Wednesday, June 01, 2005

Maybe they can teach, but what do they think?

It happens everytime. You get a new car and suddenly you're seeing that car all over the place. A legislator files a bill about academic freedom and you begin to notice instances. You start reading a book about the trouble with our education system and connections jump out from everywhere.

So Glenn Reynolds ( posts a link to the New York Sun's article on their local Brooklyn College's School of Education this morning and it's another of those moments.

The School of Education at the CUNY campus initiated last fall a new method of judging teacher candidates based on their "dispositions," a vogue in teacher training across the country that focuses on evaluating teachers' values, apart from their classroom performance.

Driving the new policies at the college and similar ones at other education schools is a mandate set forth by the largest accrediting agency of teacher education programs in America, the National Council for Accreditation of Teacher Education. That 51-year-old agency, composed of 33 professional associations, says it accredits 600 colleges of education - about half the country's total. Thirty-nine states have adopted or adapted the council's standards as their own, according to the agency.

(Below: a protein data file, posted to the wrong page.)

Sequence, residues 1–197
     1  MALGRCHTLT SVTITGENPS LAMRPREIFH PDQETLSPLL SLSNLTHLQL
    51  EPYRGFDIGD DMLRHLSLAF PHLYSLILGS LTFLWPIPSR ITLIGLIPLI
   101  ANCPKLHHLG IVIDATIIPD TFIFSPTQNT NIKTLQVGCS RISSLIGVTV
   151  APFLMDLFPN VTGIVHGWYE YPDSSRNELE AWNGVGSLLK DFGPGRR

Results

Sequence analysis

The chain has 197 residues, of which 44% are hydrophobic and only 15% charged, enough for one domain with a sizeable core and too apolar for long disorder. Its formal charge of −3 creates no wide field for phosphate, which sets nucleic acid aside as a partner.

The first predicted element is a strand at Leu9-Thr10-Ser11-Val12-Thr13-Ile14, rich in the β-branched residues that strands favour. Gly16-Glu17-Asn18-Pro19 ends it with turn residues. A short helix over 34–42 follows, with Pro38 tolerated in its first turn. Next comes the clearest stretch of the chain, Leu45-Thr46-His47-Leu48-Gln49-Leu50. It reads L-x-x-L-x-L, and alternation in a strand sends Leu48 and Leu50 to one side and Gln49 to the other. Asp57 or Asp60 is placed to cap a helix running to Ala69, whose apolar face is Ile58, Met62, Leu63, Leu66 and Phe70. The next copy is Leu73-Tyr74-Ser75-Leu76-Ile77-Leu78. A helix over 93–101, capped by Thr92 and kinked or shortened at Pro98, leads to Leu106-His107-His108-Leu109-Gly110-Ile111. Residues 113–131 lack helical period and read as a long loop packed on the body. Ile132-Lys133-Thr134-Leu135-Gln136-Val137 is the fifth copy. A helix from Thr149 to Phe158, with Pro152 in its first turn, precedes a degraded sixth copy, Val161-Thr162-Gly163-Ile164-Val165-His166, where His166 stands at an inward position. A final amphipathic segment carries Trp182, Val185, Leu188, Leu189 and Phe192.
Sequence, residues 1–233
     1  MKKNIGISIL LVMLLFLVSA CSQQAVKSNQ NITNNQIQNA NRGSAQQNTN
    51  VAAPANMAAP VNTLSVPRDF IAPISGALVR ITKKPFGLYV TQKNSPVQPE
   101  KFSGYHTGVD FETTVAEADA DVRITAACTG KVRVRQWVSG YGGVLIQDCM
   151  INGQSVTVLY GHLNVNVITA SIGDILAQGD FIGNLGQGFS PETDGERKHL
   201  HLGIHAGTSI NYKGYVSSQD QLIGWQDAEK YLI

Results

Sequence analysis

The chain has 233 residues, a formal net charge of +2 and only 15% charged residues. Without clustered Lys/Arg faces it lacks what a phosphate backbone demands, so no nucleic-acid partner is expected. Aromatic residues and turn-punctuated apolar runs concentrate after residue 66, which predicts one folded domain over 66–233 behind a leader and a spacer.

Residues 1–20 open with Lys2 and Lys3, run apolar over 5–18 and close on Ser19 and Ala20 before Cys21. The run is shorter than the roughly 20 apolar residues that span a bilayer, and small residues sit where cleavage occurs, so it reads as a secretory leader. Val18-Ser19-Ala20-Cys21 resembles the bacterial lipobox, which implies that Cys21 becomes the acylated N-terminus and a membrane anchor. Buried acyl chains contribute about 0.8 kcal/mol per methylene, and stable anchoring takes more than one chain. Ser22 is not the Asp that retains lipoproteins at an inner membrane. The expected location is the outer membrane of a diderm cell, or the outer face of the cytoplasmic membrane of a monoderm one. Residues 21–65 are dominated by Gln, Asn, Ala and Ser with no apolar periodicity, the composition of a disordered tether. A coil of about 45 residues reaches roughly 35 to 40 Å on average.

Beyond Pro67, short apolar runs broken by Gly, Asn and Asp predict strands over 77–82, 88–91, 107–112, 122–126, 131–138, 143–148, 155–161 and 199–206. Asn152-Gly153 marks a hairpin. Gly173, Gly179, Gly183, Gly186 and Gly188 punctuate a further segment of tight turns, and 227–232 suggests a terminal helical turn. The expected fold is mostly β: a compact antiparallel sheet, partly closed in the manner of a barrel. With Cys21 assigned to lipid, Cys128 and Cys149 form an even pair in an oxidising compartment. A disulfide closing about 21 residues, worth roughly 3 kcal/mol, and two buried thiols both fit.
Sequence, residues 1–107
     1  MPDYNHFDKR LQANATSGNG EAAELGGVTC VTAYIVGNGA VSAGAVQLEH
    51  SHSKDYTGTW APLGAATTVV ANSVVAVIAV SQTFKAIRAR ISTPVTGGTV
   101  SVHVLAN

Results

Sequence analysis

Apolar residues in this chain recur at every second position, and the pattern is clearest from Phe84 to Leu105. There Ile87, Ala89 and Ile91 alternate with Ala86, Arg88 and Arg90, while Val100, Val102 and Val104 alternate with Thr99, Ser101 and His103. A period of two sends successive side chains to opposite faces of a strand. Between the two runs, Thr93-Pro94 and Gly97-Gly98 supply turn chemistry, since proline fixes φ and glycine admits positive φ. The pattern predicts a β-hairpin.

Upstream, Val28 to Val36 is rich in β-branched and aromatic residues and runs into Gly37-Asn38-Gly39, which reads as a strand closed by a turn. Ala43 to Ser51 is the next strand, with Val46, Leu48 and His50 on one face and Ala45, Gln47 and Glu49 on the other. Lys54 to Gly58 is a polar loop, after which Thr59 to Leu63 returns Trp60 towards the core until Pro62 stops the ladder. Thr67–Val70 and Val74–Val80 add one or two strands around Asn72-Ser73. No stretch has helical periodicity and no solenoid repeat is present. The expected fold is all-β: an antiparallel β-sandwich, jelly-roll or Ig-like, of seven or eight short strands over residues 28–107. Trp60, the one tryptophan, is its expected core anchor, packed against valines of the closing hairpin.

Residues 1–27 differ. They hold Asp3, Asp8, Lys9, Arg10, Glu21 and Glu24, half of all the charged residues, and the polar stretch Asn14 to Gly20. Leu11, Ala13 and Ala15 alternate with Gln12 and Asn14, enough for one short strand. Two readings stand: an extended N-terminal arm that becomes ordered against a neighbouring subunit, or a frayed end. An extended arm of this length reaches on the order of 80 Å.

"It's political correctness that has insinuated into the criteria for accreditation of teacher education institutions," a noted education theorist in New York, Diane Ravitch, said. "Once that becomes the criteria for institutions as a whole, it gives free rein to those who want to impose it in their classrooms," she said. Ms. Ravitch is the author of "The Language Police: How Pressure Groups Restrict What Students Learn."
Just what Horace Mann had in mind. You may want to read the rest of that article. And you may find the Education Next article on accreditation with the NCATE interesting as well.

Oh and here's the NCATE's list of their accredited schools in our backyard.

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